Limitations include those involved with the Monitoring the Future study, upon which the data was based. First of all, the study is a long-self-report survey, subject to both recall bias and subject burden. It doesn’t ask about age of onset, dose, duration, pain condition or efficacy. It doesn’t ask about potential confounders such as opioid use disorders and family health history. Finally, students who dropped out or were absent on the survey day did not participate, and these students are more likely to report substance use. Finally, the results are limited in terms of causation, with more prospective studies needed to assess longitudinal associations between medical use and nonmedical use of prescription opioids.

Still, the findings provide evidence that there is a correlation among medical and nonmedical use of prescription opioids in teens, especially among males.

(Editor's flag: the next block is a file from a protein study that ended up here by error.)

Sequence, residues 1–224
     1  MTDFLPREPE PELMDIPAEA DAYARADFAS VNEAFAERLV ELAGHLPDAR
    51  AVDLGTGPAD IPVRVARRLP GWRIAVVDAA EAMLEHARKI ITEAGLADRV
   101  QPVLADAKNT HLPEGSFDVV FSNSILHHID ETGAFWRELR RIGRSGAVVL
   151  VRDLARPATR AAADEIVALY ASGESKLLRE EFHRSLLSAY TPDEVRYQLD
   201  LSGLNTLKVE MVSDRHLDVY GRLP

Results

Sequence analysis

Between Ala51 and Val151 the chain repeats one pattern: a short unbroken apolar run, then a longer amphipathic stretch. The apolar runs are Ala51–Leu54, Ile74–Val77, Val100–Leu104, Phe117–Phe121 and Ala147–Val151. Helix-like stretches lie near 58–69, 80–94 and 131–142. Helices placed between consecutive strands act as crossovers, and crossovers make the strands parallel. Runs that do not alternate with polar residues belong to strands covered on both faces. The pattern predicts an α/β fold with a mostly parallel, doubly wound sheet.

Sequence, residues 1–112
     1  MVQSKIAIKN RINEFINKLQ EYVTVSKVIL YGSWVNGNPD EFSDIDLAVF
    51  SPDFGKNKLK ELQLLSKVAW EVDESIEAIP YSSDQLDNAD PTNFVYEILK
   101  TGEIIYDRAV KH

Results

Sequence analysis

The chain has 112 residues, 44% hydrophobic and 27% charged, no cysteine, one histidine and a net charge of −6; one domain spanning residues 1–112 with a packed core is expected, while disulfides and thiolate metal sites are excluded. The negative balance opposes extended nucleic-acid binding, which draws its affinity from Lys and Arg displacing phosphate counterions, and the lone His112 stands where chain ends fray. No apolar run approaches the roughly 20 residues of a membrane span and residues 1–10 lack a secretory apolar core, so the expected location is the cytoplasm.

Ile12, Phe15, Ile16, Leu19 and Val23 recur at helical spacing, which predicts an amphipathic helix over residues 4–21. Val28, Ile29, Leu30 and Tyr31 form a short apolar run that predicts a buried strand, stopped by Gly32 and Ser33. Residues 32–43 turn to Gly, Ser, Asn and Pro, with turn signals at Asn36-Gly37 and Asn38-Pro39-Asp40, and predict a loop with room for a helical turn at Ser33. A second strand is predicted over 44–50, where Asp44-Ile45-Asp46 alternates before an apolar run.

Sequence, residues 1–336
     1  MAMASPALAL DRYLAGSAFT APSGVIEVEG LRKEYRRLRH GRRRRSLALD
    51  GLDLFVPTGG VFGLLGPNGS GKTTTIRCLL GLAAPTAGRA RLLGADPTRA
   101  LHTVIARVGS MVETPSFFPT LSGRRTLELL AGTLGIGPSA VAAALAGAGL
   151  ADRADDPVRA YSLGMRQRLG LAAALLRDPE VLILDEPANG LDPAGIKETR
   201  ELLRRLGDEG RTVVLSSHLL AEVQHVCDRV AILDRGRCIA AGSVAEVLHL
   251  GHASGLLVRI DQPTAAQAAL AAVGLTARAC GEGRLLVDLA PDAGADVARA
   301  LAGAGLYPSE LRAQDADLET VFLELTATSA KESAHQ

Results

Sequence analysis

“Prescribing practices that increase vigilance and monitoring of prescription opioids among adolescents, including education about proper disposal when medical use has concluded, warrant more investigation,” the researchers concluded. (Monitoring the Future is an annual school-based survey conducted by the University of Michigan for the National Institute on Drug Abuse.)